The Free Press, Mankato, MN

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June 19, 2013

Democrats used bait and switch on business

— Some run for political office who, when running, say they are “business friendly” but in reality are not.

Businesses need elected officials to fight against tax increases, overbearing government regulations, the Minnesota Pollution Control Agency and other government agencies that not only add significant dollars to the cost of doing business but result in a competitive disadvantage.

The 2012 Citi[1] report notes that the “start-up” rate for small businesses has declined from about 12 percent in 1980 to only 8 percent in 2012. This is extremely troubling considering that small businesses account for approximately 60 percent of all new jobs created.

Regulatory compliance costs per worker is much higher for small firms than for larger firms, according to the Small Business Administration[2], and affirmed by millions of small businesses all over the nation. Dealing with government is a regressive tax, favoring largeness and discouraging small business creation and growth critical to Minnesota’s future economic success.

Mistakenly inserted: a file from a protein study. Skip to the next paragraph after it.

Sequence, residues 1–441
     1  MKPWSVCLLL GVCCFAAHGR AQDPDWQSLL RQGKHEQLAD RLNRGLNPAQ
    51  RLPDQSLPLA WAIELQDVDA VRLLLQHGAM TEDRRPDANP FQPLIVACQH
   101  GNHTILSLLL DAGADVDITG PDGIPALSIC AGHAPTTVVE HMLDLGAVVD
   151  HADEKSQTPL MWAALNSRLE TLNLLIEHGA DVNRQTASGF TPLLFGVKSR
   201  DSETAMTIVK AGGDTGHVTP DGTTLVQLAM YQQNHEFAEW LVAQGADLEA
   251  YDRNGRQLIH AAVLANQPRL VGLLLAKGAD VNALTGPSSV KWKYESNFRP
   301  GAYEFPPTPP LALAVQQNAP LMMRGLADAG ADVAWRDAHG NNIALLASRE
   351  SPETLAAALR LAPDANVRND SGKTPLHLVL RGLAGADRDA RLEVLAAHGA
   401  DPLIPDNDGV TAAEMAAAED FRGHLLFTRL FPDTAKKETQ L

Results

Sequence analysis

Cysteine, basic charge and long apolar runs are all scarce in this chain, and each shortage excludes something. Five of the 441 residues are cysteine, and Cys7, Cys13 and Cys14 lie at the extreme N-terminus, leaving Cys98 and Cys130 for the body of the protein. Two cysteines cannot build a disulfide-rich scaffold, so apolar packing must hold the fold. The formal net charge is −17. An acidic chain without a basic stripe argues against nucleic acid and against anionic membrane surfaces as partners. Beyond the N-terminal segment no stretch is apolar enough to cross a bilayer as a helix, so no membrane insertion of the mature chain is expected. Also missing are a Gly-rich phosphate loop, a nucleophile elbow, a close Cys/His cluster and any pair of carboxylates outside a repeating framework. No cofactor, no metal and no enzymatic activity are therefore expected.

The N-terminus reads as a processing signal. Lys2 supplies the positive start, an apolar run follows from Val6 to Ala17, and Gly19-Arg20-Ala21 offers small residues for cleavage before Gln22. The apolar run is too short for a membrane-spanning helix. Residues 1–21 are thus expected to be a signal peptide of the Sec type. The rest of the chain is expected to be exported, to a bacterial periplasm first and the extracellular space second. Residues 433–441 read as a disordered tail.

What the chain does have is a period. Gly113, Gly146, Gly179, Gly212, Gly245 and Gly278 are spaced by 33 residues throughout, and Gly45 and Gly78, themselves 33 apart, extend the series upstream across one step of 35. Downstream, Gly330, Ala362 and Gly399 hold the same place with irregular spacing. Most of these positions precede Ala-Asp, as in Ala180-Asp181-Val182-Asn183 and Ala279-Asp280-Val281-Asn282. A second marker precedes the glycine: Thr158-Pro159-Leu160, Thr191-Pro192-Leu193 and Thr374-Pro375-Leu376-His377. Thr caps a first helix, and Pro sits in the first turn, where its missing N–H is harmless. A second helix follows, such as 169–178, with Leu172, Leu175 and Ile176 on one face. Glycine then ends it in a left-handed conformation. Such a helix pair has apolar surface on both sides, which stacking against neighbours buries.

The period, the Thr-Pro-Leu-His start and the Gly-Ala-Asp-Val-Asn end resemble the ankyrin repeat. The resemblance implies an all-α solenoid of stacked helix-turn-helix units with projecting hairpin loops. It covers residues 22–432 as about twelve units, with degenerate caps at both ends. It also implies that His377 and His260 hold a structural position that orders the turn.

The Democrats illustrated this earlier this year by doling out taxpayer money directly to a few select large corporations such as 3M and the Mayo Clinic, among others while expecting small businesses (many with fewer than 20 employees) to pay for these subsidies through higher taxes, more tax complexity and additional regulations.

We need legislators who understand the significant impact of government regulations on farms and businesses. We all agree that clean air and water are important, but what happened in the 2012 election when folks voted for so-called business friendly Democrats is a whole other story.

In the House of Representatives, Rep. Jean Wagenius, DFL- Minneapolis, became chair of the Environment, Natural Resources and Agriculture Finance Committee (another “great” Democrat idea by the way : combining Agriculture with the “Environment” committee).

Rep. Wagenius is far from business and agriculture friendly being an extreme, environmentalist from the metro area; thus, the bait and switch. One votes for a legislator who seems business friendly based upon their campaign literature but one gets a chair of a major committee in St. Paul who knows nothing about agriculture, has never lived on a farm, and is not remotely business friendly.

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